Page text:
Alex Tanguay: Avalanche Star of the Week


Coming into the 2014-15 season, there was some question about how much the 35-year-old Alex Tanguay could contribute to the Colorado Avalanche. The question was only partially about his age — it was also the fact that he had missed all but 16 games the previous season with injuries.

Well, Tanguay finished third on the team for scoring with 22 goals and 55 points, so that pretty much answers any question.

Every Sunday during the off season we’re going to take a look at different Colorado Avalanche players and the contributions they made to the team. This week let’s look at ageless left wing Alex Tanguay.

Alex Tanguay Statistics

When you talk Alex Tanguay statistics, the one that jumps out the quickest is his shooting percentage – 21.2%. For a lot of the season, it was closer to 25%. He leads the NHL in shooting percentage among regular players. Those are some soft hands.

Of course, Tanguay doesn’t shoot a lot. He recorded 104 shots on goal last season, or 1.3 shots per game, 4.3 shots per 60 minutes. That made him 9th on the team, behind even defenseman Erik Johnson who missed half the season. That just shows Tanguay is more about accuracy than volume.

Sweet Alex Tanguay goal on his former team:

An example of why Alex Tanguay’s shooting percentage is so high:

Tanguay is about average-sized for an NHL player at 6-foot 1, 194 pounds. He’s not the most physical of players — not big on hits is our Tanguay. However, of the 39 blocked shots he made last season, one was an Alex Ovechkin slapshot with his face, which only took Tanguay out of the lineup a couple games. He’s a gritty sort.

Alex Tanguay’s statistics from Sporting Charts:

Colorado Avalanche left wing Alex Tanguay’s statistics. Photo credit: Sporting Charts

Alex Tanguay Role

Alex Tanguay is a veteran and one of the undisputed leaders on the team. He may not wear a letter, but that doesn’t mean he’s not a prime leader both in the locker room and on the ice.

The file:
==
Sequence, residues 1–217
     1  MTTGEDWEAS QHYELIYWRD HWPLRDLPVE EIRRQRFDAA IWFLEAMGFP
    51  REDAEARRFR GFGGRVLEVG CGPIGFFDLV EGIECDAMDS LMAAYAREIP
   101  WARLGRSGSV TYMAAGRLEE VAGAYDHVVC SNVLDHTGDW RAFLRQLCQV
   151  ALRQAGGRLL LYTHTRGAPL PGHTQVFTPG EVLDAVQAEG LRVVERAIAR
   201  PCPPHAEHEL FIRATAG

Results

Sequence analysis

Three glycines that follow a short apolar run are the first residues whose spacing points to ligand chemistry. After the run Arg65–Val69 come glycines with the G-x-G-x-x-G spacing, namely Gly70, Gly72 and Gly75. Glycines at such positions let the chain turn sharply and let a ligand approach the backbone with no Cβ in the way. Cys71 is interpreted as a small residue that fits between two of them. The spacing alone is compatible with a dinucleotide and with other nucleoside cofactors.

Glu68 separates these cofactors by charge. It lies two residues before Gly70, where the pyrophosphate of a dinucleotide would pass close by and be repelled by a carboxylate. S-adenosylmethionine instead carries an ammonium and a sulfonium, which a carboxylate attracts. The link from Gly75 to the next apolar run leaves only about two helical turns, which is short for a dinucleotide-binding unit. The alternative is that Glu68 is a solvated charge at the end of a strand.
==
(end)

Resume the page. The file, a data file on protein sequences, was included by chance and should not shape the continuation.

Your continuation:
That said, he was meant to take more of a supporting role this year. The understanding was that head coach Patrick Roy wanted him to lead the younger players. In fact, Tanguay spent some time on the third line. This wasn’t because of play on his part. Rather Roy wanted three lines with offensive threats, and he chose Tanguay to play veteran wing to the young center Nathan MacKinnon.

Tanguay was also very vocal with the media. From the beginning of the season, he talked about the importance of pushing hard from the start, from getting a good foundation to the season. As the weeks wore on, he became more vocal. He was never negative per se, but he also didn’t pull any punches. Presumably he acted the same way in the locker room.

At the end of the season, he maintained his laser focus. When asked how he felt about the fact that, for the first time ever, the Pepsi Center was going to be empty in the spring because the Denver Nuggets hadn’t made the playoffs either, he remarked honestly, “It sucks, no doubt. I’m not really worried about the Nuggets too much, to be honest with you.”

This upcoming season marks the last on Tanguay’s current contract.

Alex Tanguay’s Future

Avalanche GM Joe Sakic has pretty much said that Alex Tanguay’s future is up to him. If he wants to retire from the Colorado Avalanche, then he has a space on the roster. If he wants to play for a Stanley Cup contender, then Sakic will find the best place for him.

It’s said that captain Gabriel Landeskog is not critical in the locker room. I’m guessing he relies on veterans like Tanguay to say the hard words for him. Tanguay is the only member of the current Avalanche skaters who actually won a Stanley Cup with the team. He not only knows what it takes to win a Cup — he knows how it feels to do so in burgundy and blue. No one can question his criticism if he chooses to state it.

Alex Tanguay still has skill on the ice. However, part of his future is definitely for him to prepare the torch to be handed over to the younger generation.

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